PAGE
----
JIS News

Permanent Secretary in the Ministry of Information, Culture, Youth and Sports, Faith Innerarity, has said that a review of the age of retirement of civil servants is currently underway.
Speaking at a Post Cabinet Press Briefing at the Office of the Prime Minister on June 25, Mrs. Innerarity informed that the need to review the age of retirement was as a result of the increase in life expectancy globally, which she noted related to advances in medical science.
“Persons are living longer and therefore they have a much longer productive life. Secondly, the earlier you have retirement, the greater pressure on the social security systems and especially (in respect to) the ratio of the working age population to the dependent population, that balance is extremely important,” she explained.
The Permanent Secretary said that pension schemes were being reformed all over the world due to the “demographic transition towards an aging population.”
“In the case of Jamaica, we have had assistance from the World Bank as part of the pension reform system to look at our public sector pensions. Currently, there are several Acts which guide the determination of retirement, including the terms and conditions,” she further informed.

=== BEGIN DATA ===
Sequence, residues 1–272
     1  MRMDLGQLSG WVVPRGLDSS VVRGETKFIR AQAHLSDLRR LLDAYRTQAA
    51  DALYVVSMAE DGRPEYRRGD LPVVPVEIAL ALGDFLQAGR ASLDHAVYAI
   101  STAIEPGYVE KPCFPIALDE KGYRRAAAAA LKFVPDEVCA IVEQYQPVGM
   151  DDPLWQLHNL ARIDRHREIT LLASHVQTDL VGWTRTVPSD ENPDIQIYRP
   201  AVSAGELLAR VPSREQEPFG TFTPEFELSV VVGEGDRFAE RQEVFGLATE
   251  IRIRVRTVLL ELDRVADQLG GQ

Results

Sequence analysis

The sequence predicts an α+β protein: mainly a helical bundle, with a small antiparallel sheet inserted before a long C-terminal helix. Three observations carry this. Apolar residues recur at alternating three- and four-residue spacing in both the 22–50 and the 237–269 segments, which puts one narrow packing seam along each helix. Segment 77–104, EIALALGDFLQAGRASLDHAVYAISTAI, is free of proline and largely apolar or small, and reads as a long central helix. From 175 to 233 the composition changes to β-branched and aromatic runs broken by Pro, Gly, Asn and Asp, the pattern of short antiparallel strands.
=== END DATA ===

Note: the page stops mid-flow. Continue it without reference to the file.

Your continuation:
Mrs. Innerarity noted that the age of retirement varies, but that in most instances, it is 60 years. She said that due to an ageing population, many countries have taken steps to increase the average age of retirement, based on the fact that life expectancy at birth is now much higher.
She informed that a task force is being established to look at the retirement age policy, including representatives from the Ministry of Finance and the Public Service, the Attorney General, the Ministry of Labour and Social Security, the Auditor General, representatives from the Jamaica Employers Federation, the Confederation of Trade Unions, and the Cabinet Office.
Turning to the retirement age of judges, she noted that judges are persons with years of experience, and that they have certain knowledge which was acquired within a short period of time, “so in most jurisdictions, judges do serve up to age 70 and above. So the idea would really be to move upward the indicators.rather than a downward movement on the basis of the need for a certain level of expertise and the shortage of individuals with that level of knowledge and experience,” Mrs. Innerarity explained.